June 20, 2019

Employers and unions routinely negotiate a range of insured benefits for employees, from coverage for prescription medications and paramedical services to disability and life insurance. Appealing denials of claims for these benefits can, however, be anything but routine. It is not always apparent whether arbitration or the court system is the appropriate forum for redress, and employers sometimes find themselves liable to pay benefits they thought they had contracted with an insurance company to provide. In this session, experts will provide guidance on determining the appropriate forum for resolving disputes regarding insured benefits. They will discuss potential employer liability for discriminatory or inadequate benefit policies, as well as for bad faith or negligent conduct.

  • When do you have to go to court for disputes related to insurance benefit claims? When can you grieve? How does Brown and Beatty’s “four categories” test help to answer these questions?
  • What is the extent of an employer’s liability if it fails to purchase the benefits bargained for in the collective agreement? What if the insurance company changes the terms of the policy purchased by the employer? What steps should an employer take to make sure that the insurance policy it purchases provides the benefits stipulated in the collective agreement?
  • Is it advantageous to unions or employers – or both – to provide for a special procedure outside the regular grievance process to resolve disability benefit disputes?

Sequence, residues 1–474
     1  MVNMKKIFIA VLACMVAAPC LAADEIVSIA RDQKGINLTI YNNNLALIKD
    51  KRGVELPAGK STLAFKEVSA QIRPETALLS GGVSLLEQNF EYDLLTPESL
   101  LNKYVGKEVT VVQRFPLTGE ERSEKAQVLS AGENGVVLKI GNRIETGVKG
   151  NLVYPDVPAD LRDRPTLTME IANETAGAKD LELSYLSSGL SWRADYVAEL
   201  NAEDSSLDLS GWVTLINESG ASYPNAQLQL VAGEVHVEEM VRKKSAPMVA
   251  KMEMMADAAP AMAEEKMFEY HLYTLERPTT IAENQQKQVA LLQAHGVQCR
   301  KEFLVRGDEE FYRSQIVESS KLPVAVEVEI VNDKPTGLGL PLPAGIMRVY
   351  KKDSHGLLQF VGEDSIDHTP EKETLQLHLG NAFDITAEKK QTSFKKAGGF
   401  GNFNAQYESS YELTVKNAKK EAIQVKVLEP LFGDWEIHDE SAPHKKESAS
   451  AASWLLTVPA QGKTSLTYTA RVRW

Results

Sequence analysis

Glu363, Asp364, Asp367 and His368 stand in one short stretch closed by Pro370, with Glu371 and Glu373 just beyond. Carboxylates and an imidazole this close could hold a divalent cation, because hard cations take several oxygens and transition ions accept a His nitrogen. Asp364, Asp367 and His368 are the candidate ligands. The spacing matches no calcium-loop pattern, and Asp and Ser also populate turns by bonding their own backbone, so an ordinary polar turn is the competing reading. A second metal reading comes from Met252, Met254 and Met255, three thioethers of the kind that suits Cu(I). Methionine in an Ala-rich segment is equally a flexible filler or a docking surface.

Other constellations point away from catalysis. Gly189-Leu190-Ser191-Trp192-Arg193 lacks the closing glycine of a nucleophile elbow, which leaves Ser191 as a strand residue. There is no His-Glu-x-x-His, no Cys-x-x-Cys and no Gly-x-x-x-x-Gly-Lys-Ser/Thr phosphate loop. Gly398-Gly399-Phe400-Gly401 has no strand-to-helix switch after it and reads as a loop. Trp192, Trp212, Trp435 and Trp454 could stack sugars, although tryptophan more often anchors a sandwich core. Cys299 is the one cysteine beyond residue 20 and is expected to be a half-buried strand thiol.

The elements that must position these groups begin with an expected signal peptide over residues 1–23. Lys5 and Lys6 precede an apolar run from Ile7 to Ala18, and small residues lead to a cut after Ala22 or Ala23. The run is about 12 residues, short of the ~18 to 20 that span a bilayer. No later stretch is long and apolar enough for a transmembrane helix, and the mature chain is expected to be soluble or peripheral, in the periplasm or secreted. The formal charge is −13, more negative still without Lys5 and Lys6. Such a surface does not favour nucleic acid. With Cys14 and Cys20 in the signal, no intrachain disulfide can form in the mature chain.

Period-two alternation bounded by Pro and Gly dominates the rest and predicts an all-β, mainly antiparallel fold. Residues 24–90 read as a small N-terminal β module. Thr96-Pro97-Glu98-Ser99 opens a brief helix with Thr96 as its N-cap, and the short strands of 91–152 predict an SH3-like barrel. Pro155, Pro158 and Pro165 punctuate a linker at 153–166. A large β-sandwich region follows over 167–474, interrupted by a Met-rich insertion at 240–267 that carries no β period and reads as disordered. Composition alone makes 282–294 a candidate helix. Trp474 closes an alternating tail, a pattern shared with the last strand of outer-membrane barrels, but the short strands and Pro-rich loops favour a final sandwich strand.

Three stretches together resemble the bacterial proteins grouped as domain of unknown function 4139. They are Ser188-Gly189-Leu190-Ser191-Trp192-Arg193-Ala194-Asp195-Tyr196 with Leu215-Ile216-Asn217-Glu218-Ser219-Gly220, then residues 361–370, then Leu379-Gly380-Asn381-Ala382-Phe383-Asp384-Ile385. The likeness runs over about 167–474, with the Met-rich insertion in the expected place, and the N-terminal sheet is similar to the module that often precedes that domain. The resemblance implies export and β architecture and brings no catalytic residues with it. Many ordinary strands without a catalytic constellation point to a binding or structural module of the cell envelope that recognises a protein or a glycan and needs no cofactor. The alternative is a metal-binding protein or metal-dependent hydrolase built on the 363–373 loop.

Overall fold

• In what circumstances does a union have an obligation to assist its members in applying for insured benefits or in appealing denials?
  • Is an employee’s ability to apply for long-term disability benefits automatically extinguished by termination of employment?
  • Is there an implied collective agreement obligation requiring employers to ensure that benefit plans they purchase do not discriminate on the basis of grounds prohibited in human rights legislation?
  • Following the Talos decision – in which the Ontario Human Rights Tribunal declared as unconstitutional provisions of Ontario’s Human Rights Code and Employment Standards Act that permit age-based distinctions in pension, benefit, and insurance plans for employees aged 65 and over – what is the extent of the liability faced by Ontario employers that provide different benefits to employees under the age of 65 than to those over 65?
  • What obligation does the employer have to provide information about insured benefits to employees? Can employers provide the information through booklets or must they provide the benefit plans themselves? In what circumstances will an employer be held liable for misrepresentation of insured benefits available to an employee?
  • Do employers risk liability for insurance claim denials if they take an active role in an insurance company’s decision to deny or terminate disability insurance benefits?
  • What type of insurer or employer conduct in administering benefits has attracted awards of damages for mental distress or aggravated or punitive damages? If an employer becomes aware that the insurance company with which it has contracted is engaging in malicious or harassing conduct in administering benefits, what, if anything, must the employer do to avoid liability for employees’ mental distress resulting from such conduct?